When my grandmother used to tell stories of the Second Great Depression of the 1930's, one comment always stood out. "At the time no one realized it was a Depression".
'Depression' was a term given to the period after the fact by historians who viewed events in panorama. Living events one day at a time, most people didn't realize the significance of the era that was unfolding around them.
Are we pedestrian witnesses to a similar situation?
Stats Can will not be releasing February 2009 job losses until Friday March 13th - a appropriate date because the numbers will be a horror show.
In January the Canadian economy lost a startling 129,000 jobs. That was a record single-month total. Unemployment stood at 7.2% and things have only gotten worse since then.
On March 3rd, Canada’s central bank cut its key lending rate to its lowest level ever. Lower than during the 1930s Depression. And Bank of Canada Governor Mark Carney stated it will probably be cut again to 0.25%.
It won't do any good.
In the United States, February's figures are out and the U.S. unemployment rate jumped in February to 8.1%, the highest level in more than a quarter century. It is a surge likely to send more Americans into bankruptcy and force further cutbacks in consumer spending.
The US jobless rate has now already reached the level the Obama administration projected as an average for the whole year and the magnitude of what is happening is overwhelming what steps the administration has already taken.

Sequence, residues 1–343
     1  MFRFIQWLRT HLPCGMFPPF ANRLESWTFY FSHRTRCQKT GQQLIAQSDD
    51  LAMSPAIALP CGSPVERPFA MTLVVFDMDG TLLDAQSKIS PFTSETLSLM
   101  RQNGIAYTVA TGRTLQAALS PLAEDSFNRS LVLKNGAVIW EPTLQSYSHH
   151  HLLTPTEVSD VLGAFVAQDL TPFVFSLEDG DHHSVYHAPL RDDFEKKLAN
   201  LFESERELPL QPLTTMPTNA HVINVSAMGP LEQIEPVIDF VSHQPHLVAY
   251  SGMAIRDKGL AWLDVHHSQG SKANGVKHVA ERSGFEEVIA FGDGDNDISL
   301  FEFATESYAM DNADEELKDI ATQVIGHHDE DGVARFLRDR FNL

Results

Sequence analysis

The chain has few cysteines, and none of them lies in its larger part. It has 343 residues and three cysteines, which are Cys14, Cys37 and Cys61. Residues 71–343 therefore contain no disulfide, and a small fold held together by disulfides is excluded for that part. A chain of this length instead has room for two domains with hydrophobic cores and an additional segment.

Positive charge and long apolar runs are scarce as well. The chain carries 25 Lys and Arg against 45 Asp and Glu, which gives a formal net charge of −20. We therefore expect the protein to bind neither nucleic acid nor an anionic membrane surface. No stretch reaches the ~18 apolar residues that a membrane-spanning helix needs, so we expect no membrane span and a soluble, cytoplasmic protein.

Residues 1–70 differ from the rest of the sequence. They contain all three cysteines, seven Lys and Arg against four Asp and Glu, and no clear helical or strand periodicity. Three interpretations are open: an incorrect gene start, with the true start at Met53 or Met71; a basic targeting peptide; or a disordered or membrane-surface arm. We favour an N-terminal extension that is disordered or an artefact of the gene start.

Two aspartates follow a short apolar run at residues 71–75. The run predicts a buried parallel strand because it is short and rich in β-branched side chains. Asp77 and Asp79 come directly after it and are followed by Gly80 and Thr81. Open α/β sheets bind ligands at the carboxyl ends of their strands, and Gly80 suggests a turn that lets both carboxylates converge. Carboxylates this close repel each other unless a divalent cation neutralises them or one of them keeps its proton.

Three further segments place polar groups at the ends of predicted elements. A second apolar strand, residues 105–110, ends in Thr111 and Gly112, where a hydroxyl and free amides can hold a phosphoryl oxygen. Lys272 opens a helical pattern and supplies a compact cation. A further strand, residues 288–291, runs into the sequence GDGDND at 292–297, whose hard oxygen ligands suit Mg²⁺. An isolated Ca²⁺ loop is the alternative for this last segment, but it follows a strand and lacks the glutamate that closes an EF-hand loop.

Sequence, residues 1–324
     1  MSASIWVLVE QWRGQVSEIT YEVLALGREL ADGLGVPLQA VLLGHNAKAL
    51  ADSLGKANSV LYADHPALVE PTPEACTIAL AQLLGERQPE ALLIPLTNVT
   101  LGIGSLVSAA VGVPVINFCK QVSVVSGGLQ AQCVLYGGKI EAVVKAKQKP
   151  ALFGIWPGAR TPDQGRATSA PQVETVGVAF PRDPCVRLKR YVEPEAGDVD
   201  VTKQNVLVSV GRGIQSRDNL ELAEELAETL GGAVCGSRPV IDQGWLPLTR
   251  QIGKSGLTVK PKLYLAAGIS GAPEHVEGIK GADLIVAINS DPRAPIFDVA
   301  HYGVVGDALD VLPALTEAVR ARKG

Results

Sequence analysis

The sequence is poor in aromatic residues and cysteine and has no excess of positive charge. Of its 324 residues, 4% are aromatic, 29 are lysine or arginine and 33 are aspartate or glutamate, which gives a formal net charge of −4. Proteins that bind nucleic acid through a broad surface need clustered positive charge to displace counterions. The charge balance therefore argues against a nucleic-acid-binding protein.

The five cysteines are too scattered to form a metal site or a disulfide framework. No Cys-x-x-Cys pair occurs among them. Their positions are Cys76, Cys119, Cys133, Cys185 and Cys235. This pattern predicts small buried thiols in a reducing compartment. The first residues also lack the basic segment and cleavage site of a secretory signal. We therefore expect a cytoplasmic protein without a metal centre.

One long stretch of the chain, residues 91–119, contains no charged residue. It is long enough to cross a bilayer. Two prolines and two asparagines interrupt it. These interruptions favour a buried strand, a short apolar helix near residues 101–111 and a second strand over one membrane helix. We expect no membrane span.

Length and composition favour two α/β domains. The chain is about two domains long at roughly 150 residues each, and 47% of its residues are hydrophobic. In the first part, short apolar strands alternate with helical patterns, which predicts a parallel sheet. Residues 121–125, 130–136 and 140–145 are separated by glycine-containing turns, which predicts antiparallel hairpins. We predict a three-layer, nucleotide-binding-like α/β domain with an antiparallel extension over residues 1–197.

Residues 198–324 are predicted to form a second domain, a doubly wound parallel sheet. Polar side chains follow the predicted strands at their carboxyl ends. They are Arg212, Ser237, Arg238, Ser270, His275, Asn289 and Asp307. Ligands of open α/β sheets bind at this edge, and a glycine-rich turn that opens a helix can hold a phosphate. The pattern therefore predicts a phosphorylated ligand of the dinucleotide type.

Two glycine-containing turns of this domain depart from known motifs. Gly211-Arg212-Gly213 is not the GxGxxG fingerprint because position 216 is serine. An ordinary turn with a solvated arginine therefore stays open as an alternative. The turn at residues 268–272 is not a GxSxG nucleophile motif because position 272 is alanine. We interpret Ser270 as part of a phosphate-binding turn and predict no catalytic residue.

Many think that more big job losses are likely, with grim implications for the housing and banking crises.
It is clear we have definately entered the worst recession in the postwar era, but some experts are starting to suggest something far worse.
Harvard University professor Robert Barro has calculated a 30% chance the U.S. will slide into a depression, which he characterized as at least a 10 percent drop in gross domestic product.
The Intrade betting market pegs those chances at 38%.
Presumably that's why Bank of Canada deputy governor Pierre Duguay warned Canadians not to be spooked by "irrational fear" over the economy (this while telling the House of Commons finance committee that "there will be more bad economic news coming").
No worries Duggy... there's enough rational fear to suffice.